Nitrogen (N) × variety (V) interactions and the individual effect of V for straw nitrogen uptake (SNUP), grain nitrogen uptake (GNUP) and total nitrogen uptake (TNUP) were insignificant (P > 0.05). The individual effect of N was significant (P < 0.01) for SNUP, GNUP and TNUP (^{−}^{1}) followed by urea + CD treatment (36 kg∙ha^{−}^{1}), absolute CD treatment (35 kg∙ha^{−}^{1}) and absolute PM treatment (34 kg∙ha^{−}^{1}). The urea + PM treatment had the highest N uptake in rice grain (66 kg∙ha^{−}^{1}) followed by urea + CD treatment (62 kg∙ha^{−}^{1}), urea treatment (60 kg∙ha^{−}^{1}) and absolute PM treatment (55 kg∙ha^{−}^{1}). The N control treatment had the lowest N uptake both in rice straw and rice grain (^{−}^{1}) followed by urea treatment (98 kg∙ha^{−}^{1}) and urea + CD treatment (98 kg∙ha^{−}^{1}). The urea treatment, urea + CD treatment and absolute PM treatment gave statistically similar TNUP. The N control treatment had the lowest TNUP (^{−}^{1} of which 64% accumulated in rice grain and the rest 36% in

Nitrogen source (N) (kg∙ha^{−1}) | SNUP (kg∙ha^{−1}) | GNUP (kg∙ha^{−1}) | TNUP (kg∙ha^{−1}) |
---|---|---|---|

BRRI dhan28 | |||

Control | 16 | 29 | 45 |

Urea | 38 | 60 | 98 |

Urea + CD | 36 | 62 | 98 |

CD | 35 | 49 | 84 |

Urea + PM | 38 | 66 | 104 |

PM | 34 | 55 | 89 |

Average | 33 | 54 | 87 |

NHI | 0.63 | ||

BRRI dhan29 | |||

Control | 18 | 30 | 48 |

Urea | 38 | 66 | 104 |

Urea + CD | 39 | 73 | 112 |

CD | 34 | 56 | 91 |

Urea + PM | 33 | 76 | 109 |

PM | 32 | 61 | 93 |

Average | 32 | 60 | 92 |

NHI | 0.65 | ||

LSD_{0.05} for N | 7.61 | 11.99 | 18.30 |

LSD_{0.05} for V | NS | NS | NS |

LSD_{0.05} for N × V | NS | NS | NS |

CV (%) | 23.0 | 20.7 | 20.1 |

NS: non-significant at the 0.05 probability levels.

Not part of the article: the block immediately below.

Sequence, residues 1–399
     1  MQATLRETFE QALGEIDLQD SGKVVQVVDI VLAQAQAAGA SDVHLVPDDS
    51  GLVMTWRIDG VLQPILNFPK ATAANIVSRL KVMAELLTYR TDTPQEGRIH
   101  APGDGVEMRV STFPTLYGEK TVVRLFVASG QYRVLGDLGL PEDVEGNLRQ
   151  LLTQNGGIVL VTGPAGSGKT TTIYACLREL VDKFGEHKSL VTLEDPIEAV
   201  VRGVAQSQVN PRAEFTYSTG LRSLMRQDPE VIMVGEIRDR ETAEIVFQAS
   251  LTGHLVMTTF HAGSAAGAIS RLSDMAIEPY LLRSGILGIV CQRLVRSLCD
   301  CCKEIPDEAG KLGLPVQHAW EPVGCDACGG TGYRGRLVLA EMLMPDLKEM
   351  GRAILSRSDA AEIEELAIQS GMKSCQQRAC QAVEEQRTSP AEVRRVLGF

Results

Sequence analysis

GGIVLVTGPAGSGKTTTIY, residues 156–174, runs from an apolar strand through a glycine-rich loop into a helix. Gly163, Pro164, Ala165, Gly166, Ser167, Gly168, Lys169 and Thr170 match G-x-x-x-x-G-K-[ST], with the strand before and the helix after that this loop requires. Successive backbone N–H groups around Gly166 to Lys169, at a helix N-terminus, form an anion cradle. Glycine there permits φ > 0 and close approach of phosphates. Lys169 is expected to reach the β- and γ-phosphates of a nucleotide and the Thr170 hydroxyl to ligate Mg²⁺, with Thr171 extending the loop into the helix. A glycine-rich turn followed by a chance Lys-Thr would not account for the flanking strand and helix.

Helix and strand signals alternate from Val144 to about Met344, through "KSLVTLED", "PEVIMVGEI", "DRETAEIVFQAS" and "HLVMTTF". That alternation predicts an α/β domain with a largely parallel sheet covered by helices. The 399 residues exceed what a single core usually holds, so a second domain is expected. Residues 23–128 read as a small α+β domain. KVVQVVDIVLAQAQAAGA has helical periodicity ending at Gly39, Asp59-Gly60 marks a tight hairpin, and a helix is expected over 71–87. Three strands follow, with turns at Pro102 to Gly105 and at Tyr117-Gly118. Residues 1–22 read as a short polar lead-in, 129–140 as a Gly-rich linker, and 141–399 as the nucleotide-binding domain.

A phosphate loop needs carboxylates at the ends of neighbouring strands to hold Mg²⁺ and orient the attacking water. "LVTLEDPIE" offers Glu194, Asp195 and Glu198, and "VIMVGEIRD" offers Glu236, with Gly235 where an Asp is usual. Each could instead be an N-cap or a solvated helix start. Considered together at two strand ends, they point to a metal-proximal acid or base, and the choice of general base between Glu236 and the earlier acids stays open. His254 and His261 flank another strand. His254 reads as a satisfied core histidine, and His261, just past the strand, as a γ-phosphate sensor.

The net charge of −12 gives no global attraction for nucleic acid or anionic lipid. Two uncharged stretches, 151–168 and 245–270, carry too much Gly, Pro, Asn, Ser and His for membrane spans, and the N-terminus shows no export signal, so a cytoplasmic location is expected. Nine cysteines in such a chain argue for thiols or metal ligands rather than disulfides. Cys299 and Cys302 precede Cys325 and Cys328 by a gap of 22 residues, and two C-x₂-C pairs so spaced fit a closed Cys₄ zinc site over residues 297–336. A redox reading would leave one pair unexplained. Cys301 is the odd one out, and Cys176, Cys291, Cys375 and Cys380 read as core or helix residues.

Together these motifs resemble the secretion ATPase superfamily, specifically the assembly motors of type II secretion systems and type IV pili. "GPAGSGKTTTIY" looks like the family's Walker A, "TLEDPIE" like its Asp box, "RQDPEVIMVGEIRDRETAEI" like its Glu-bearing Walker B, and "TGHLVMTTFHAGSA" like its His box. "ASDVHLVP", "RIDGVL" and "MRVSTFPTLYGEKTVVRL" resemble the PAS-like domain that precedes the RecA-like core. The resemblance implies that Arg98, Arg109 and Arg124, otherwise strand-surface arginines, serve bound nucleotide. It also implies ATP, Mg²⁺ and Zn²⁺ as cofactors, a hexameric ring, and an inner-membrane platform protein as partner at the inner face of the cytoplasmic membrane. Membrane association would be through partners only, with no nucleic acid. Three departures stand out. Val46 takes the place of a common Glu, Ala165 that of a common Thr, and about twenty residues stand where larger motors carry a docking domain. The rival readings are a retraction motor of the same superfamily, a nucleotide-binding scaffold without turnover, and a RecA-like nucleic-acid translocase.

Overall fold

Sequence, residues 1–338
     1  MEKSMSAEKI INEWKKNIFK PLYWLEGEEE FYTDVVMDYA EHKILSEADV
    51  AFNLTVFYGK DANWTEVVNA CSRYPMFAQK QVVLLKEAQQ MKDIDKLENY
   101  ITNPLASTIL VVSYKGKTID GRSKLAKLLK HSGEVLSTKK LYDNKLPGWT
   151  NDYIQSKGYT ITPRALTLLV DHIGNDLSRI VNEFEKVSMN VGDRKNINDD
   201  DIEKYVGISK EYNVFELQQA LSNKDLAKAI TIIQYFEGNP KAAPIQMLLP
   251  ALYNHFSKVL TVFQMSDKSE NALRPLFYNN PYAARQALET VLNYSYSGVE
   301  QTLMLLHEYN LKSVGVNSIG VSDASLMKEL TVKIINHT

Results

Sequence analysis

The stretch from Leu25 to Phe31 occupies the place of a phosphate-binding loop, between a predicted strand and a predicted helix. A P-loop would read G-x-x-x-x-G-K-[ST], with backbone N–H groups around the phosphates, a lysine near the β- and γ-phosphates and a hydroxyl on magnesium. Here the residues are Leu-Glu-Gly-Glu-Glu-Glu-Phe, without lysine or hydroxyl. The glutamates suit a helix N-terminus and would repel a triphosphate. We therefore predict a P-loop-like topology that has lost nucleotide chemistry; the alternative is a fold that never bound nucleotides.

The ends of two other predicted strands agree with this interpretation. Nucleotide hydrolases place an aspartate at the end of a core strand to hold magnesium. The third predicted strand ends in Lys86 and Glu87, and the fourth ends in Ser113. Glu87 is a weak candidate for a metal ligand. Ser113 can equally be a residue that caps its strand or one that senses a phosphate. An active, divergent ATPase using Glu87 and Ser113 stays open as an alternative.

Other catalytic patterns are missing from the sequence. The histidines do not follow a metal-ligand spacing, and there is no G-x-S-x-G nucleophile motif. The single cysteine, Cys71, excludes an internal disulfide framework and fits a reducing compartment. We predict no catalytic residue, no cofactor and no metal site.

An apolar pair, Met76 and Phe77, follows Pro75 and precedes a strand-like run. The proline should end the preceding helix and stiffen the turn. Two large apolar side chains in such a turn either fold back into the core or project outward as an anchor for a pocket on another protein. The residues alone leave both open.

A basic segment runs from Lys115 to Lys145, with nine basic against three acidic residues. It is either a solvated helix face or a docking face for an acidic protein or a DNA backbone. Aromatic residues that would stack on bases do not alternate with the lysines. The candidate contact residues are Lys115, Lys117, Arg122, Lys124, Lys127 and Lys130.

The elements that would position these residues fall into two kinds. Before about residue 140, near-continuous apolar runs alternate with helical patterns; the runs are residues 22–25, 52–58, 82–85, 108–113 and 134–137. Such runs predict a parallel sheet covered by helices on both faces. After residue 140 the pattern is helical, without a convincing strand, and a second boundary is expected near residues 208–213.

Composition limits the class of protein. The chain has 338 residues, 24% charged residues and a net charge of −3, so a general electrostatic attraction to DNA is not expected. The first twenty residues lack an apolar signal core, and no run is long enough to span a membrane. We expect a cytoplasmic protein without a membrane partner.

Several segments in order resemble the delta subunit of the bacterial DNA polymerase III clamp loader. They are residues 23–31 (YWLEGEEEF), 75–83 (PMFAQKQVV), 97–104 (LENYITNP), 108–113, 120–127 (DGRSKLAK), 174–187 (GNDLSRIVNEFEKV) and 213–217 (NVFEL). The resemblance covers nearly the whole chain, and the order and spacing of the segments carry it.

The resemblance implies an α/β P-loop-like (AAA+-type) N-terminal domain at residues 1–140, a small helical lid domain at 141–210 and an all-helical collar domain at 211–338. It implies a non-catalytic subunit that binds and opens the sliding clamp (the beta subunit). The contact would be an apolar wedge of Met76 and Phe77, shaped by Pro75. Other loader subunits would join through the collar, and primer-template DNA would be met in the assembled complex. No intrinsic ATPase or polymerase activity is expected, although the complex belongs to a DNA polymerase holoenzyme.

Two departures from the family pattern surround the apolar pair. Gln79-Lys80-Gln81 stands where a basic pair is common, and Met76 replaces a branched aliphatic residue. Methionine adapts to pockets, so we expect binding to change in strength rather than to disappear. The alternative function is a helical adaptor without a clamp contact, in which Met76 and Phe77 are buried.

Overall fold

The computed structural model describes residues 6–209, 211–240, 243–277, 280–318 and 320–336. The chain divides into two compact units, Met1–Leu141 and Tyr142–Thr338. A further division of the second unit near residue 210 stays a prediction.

rice straw. Under urea treatment, TNUP was 98 kg∙ha^{−}^{1} of which 61% accumulated in rice grain and the rest 39% remained in rice straw. Under urea + CD treatment, TNUP was 98 kg∙ha^{−}^{1} of which 63% N uptake was observed in rice grain and 37% N uptake was in rice straw. Under absolute CD treatment, TNUP was 84 kg∙ha^{−}^{1} of which 58% N uptake was observed in rice grain and the rest 42% N uptake was in rice straw. Similarly, in urea + PM treatment and absolute PM treatment, TNUP was 104 kg∙ha^{−}^{1} and 89 kg∙ha^{−}^{1} of which 63% and 62% N uptake was observed in rice grain and the rest 37% and 38% was in rice straw, respectively (^{−}^{1}) followed by absolute urea treatment (38 kg∙ha^{−}^{1}) and absolute CD treatment (34 kg∙ha^{−}^{1}). The absolute CD treatment, urea + PM treatment and absolute PM treatment gave statistically similar N uptake in rice straw. The N control treatment had the lowest N uptake in rice straw (18 kg∙ha^{−}^{1}) (^{−}^{1}) followed by urea + CD treatment (73 kg∙ha^{−}^{1}) and urea treatment (66 kg∙ha^{−}^{1}). The urea treatment, absolute PM treatment and absolute CD treatment gave statistically similar N uptake in rice grain. The N control treatment had the lowest N uptake in rice grain (30 kg∙ha^{−}^{1}) (^{−}^{1}) followed by urea + PM treatment (109 kg∙ha^{−}^{1}) and urea treatment (kg∙ha^{−}^{1}). The absolute CD treatment and absolute PM treatment gave statistically similar TNUP. The N control treatment gave the lowest TNUP (48 kg∙ha^{−}^{1}) (^{−}^{1} of which 62% N uptake was observed in rice grain and the rest 38% N uptake was in rice straw under N control treatment. In urea treatment, TNUP was 104 kg∙ha^{−}^{1} of which 63% N uptake was observed in rice grain and the rest 37% N uptake was in rice straw. In urea + CD treatment, TNUP was 112 kg∙ha^{−}^{1} of which 65% N uptake was observed in rice grain and the rest 35% N uptake was in rice straw. In absolute CD treatment, TNUP was 91 kg∙ha^{−}^{1} of which 62% N uptake was occurred in rice grain and the rest 38% N uptake was observed in rice straw. In urea + PM treatment, TNUP was 109 kg∙ha^{−}^{1} of which 70% N uptake was observed in rice grain and the rest 30% was remained in rice straw. In absolute PM treatment, TNUP was 93 kg∙ha^{−}^{1} of which 66% N uptake was observed in rice grain and the rest 34% N uptake was in rice straw. Irrespective of N treatments, average TNUP in BRRI dhan28 was 87 kg∙ha^{−}^{1} of which 62% N uptake in rice grain and the rest 38% N uptake was in rice straw. Similarly in BRRI dhan29, average TNUP was 92 kg∙ha^{−}^{1} of which 65% N uptake was observed in rice grain and the rest 35% N uptake was in rice straw (